Researchers and Hackers Use Rare Dev-Fused Prototype iPhones to Unlock Security Secrets

If you've ever wondered how security researchers and hackers manage to bypass Apple's protections and security features to uncover iPhone vulnerabilities and other sensitive info, Motherboard is out today with a new report that has an answer.

Hackers and security researchers use rare "dev-fused" iPhones created for internal use at Apple. These dev-fused iPhones have not finished the production process and have many security features disabled. Motherboard describes them as "pre-jailbroken devices."

A dev-fused ‌iPhone‌ image shared with Motherboard by collector Giulio Zompetti

Dev-fused iPhones are smuggled out of Apple where they can sell for thousands of dollars on the gray market. These iPhones are incredibly valuable due to the fact that they can be used to locate vulnerabilities able to impact release versions of the ‌iPhone‌.

On the back of dev-fused iPhones seen by Motherboard, there's a QR-code sticker, a separate barcode, and a decal that says "FOXCONN," referring to the factory that makes iPhones and other Apple products. Otherwise, the phones look like normal iPhones. That standard ‌iPhone‌ experience ends when the phone is turned on. When booted up, you briefly see a command line terminal. And then when it loads, gone are the sleek icons and colorful backgrounds of iOS.

Motherboard spent months researching dev-fused iPhones, talking to more than two dozen sources ranging from security researchers and Apple employees to rare phone collectors and jailbreakers, and found that researchers, hackers, and high-profile companies like Cellebrite or GrayKey use these dev-fused iPhones to uncover bugs that can later be exploited by law enforcement agencies.

A dev-fused ‌iPhone‌ was, for example, used in 2016 to study the Secure Enclave Processor, and security researchers were able to uncover valuable details on how it works. These dev-fused iPhones are stolen property and illegal to possess, but are apparently "widely used" in the ‌iPhone‌ hacking scene.

"If you are an attacker, either you go blind or with a few thousand dollars you have all you need," Luca Todesco, one of the most well-known iOS security researchers in the world, told Motherboard, referring to people who buy dev-fused iPhones. "Some people made the second choice."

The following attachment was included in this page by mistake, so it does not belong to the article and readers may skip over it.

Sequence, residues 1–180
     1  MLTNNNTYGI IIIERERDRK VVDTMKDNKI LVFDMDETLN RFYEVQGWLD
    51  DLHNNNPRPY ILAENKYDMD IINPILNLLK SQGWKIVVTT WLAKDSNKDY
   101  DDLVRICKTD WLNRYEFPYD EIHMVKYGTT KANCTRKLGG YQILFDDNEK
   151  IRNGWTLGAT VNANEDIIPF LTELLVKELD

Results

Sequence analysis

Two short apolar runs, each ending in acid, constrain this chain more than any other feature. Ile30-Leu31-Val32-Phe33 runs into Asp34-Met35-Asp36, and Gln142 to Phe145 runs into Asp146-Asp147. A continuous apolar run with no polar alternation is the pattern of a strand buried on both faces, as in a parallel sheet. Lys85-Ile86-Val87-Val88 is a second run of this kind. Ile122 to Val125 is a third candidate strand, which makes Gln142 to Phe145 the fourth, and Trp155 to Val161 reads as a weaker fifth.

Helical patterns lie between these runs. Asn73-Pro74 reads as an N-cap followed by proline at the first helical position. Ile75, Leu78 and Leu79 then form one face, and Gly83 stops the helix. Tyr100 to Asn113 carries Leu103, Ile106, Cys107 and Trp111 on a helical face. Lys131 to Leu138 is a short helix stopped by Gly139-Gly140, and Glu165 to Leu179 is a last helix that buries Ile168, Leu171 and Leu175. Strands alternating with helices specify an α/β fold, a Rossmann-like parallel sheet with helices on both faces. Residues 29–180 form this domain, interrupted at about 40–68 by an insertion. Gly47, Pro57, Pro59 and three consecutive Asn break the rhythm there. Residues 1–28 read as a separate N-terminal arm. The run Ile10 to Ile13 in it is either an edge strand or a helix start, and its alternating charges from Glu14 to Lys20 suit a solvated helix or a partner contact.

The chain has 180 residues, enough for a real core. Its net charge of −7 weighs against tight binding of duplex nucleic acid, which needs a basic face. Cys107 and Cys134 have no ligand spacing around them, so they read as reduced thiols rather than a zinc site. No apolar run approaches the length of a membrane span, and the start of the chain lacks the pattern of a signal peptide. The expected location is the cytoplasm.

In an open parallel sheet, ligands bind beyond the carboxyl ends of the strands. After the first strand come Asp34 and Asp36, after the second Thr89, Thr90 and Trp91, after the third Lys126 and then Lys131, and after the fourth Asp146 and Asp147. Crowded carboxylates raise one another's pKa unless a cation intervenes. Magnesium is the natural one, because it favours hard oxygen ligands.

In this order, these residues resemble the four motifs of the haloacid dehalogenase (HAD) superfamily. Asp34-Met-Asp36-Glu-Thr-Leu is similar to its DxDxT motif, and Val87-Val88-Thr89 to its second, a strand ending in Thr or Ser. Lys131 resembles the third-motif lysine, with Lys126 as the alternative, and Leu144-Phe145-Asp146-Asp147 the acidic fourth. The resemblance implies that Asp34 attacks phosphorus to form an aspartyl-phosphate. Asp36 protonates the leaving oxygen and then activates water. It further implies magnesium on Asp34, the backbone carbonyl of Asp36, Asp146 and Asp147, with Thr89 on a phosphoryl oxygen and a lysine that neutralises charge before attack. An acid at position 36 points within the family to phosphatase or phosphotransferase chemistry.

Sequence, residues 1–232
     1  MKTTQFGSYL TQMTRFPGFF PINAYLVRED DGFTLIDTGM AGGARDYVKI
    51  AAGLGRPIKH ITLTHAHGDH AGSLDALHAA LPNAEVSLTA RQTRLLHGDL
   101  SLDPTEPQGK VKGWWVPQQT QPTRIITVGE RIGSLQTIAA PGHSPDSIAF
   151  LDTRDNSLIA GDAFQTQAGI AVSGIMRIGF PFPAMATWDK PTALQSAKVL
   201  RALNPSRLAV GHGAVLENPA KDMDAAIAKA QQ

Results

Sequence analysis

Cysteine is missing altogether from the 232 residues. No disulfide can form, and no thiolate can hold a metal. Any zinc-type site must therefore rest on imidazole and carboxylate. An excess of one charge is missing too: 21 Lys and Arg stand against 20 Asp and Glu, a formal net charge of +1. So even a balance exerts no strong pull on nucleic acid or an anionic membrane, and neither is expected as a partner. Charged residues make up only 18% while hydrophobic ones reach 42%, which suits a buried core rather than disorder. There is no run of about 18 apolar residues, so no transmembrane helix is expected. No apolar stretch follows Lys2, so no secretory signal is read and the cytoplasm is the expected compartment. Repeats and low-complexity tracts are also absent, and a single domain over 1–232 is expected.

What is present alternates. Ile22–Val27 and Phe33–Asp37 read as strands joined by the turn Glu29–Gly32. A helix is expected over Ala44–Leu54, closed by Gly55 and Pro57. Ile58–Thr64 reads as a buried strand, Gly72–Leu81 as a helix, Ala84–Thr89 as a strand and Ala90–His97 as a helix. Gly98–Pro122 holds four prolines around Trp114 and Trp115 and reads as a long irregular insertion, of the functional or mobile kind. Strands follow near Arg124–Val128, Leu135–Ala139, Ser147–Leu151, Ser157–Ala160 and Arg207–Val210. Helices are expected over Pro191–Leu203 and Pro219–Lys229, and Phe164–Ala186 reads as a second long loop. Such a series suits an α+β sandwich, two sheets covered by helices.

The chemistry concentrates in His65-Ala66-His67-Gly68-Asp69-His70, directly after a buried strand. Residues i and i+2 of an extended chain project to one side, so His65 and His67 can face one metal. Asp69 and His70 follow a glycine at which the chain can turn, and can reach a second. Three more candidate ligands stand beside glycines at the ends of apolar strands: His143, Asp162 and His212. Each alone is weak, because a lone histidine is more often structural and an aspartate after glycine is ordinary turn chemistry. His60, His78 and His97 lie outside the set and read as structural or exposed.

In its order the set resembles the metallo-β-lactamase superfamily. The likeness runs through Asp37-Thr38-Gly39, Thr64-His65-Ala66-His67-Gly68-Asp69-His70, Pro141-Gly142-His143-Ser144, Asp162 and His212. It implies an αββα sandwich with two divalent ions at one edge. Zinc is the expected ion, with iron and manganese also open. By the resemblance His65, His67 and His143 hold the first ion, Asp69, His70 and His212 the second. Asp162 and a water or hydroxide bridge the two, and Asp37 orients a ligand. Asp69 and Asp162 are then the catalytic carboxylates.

Motherboard was able to find someone on Twitter who sells dev-fused iPhones, with a dev-fused ‌iPhone‌ X priced at around $1,800. The seller said that he's provided dev-fused iPhones to several security researchers and that he believes major security firms that hack iPhones also use them. Other sellers offer dev-fused iPhones at higher prices, and Motherboard found an iPhone XR priced at $20,000.

Dev-fused iPhones are paired with a proprietary Apple cable called Kanzi that can cost upwards of $2,000, that, when plugged into a Mac, provides access to internal Apple software that offers root access to the phone.

Most of these devices seem to be stolen from and smuggled out of factories like Foxconn in China. Apple is apparently "well aware" of the fact that dev-fused devices are available. Apple has "ramped up efforts" to keep these devices from leaving Foxconn and does go after dev-fused ‌iPhone‌ sellers.

Motherboard's full report can be read over on the Motherboard website, and it is a fascinating look at the world of ‌iPhone‌ hacking for anyone who is interested in how ‌iPhone‌ vulnerabilities are uncovered.

Top Rated Comments

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19 months ago


Oh, I've been there, man! Long nights spent hacking away at devices on top of my… alligator leather covered table.
Score: 26 Votes (Like | Disagree)
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19 months ago
What's gray about selling stolen property?
Score: 11 Votes (Like | Disagree)
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19 months ago
Sometimes I forget how big Apple really has become. The kind of problems Apple faces, few companies need to face.
Score: 4 Votes (Like | Disagree)
Avatar
19 months ago

So there are backdoors. I am guessing that because it's called "Dev-fused" that there is a hardware fuse that when blown during provisioning removes the ability of the phone to be used this way. That means that the restriction is by-passable.

The $2000 cable just means that encrypted communications is also required and the cable contains the encryption hardware and/or keys. So much for Apple's pie the eye security. Still better than the competitors, but not much challenge for the NSA.

I don't think "development units without security measures installed" are equal to "retail devices with backdoors installed".
Score: 4 Votes (Like | Disagree)
Avatar
19 months ago
Hopefully someday a good completely open source (software and hardware) phone will come to market and we can leave all the proprietary bullpoo behind as a bad memory.
Score: 4 Votes (Like | Disagree)
Avatar
19 months ago
As long as Apple continues to be cheap and build their iPhones in a country that condones IP theft, expect this to continue...
Score: 4 Votes (Like | Disagree)

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